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Your IPAs Are About to Get a Little More Expensive

Hops growers in Washington state—which produces approximately three quarters of the nation's hops—are facing a shortage this year due to unseasonably scorching temperatures and the ever-present drought plaguing the West Coast.
Photo via Flickr user paulmiller

An IPA without hops is like a ship without a sail, or Twin Peaks without David Lynch. The bitter, floral buds that flavor many of our favorite beers—though not all—may be giving some of us man-boobs, but they are fiercely cherished all the same.

So, it is with a heavy heart that we bear this news: We may soon be facing a hops catastrophe.

A year ago, we heard these same warnings, though not for the same reason. Back then, it was craft brewers' devotion to producing IPAs and other hops-forward beers that was putting pressure on crops. (Businessweek noted that while average beers contain about one fifth of a pound of hops for every 31 gallons, craft beers use up to 1.35 pounds in the same amount.) As the popularity of bitter, hoppy brews grew, so did the need for the flowers that lend them their flavor.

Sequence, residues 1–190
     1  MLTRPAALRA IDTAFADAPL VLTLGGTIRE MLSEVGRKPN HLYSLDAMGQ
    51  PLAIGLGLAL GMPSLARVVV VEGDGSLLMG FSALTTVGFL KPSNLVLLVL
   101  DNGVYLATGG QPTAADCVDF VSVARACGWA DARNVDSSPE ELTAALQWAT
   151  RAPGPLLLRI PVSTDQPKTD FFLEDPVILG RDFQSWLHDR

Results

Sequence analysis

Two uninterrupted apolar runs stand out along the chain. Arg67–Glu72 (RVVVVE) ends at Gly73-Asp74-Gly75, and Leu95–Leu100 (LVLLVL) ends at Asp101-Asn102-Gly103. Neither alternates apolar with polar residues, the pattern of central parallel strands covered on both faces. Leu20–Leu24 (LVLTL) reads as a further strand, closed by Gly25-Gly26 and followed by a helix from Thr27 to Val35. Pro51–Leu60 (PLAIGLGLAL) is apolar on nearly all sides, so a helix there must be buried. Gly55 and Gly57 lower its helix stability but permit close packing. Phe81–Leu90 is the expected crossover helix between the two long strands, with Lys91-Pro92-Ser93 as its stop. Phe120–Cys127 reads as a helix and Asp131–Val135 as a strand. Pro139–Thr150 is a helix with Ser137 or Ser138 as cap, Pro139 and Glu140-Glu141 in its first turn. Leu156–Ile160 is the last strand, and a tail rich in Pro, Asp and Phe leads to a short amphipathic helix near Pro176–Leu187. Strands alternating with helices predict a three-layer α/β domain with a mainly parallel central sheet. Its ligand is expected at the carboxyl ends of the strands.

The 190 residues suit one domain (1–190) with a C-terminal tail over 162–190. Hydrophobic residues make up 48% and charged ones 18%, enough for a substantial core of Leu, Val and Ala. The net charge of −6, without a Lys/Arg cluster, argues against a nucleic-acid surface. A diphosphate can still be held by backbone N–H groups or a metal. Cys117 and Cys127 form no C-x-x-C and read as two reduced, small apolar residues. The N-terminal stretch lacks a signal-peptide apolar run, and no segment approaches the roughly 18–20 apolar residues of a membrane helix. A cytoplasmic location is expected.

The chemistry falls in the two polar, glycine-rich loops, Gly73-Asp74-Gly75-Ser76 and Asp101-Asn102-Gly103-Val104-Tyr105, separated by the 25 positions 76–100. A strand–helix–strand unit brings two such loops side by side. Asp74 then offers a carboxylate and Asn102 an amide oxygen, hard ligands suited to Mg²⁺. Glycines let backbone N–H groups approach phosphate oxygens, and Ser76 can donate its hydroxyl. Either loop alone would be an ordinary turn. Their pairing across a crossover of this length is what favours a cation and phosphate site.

Now, however, hops growers not only need to contend with demand, but with dry conditions.

CNBC reported last week that hops growers in Washington's Yakima Valley are facing a shortage this year due to unseasonably scorching temperatures and the ever-present drought plaguing the West Coast.

Up to three gallons of water a day are required to sustain each hops plant, but farmers are currently contending with local water usage restrictions, leading some of them to rely on purchased water or emergency wells. That has implications for the rest of us, because Washington state produces nearly three-quarters of the hops in the US, most of which is in the Yakima Basin.

Michael Butler, chairman and CEO of the Seattle-based venture capital firm Cascadia Capital, told CNBC that we could face a hops shortage in 2016. "Next year you won't have more land for hops," he said. "You have a shortage of water. You're going to have more demand from the craft breweries, and so you kind of pass the inflection point where the demand is greater for hops than the supply."

Speaking about the extra expenses incurred by the drought, one hops grower told CNBC, "Every grower is going to have crop loss. I am not saying it is catastrophic or disastrous, but there will be some crop loss associated with it."

Mitch Steele, the brewmaster at Stone Brewing Co., told the AP recently that "hop usage is outpacing supply," adding that "some beer makers have even had to drop production because of the shortage."

So, what does all that mean for you, lowly IPA-drinker? "The consumer will pay a higher price for beer," Butler said. "That is without question."

Heaven forfend! While the looming prospect of a hops shortage might not affect this summer's beer prices, be prepared for a hike. In the meantime, you might want to think about switching to un-hopped gruit beers, just like your ancient Roman grandpappy used to drink.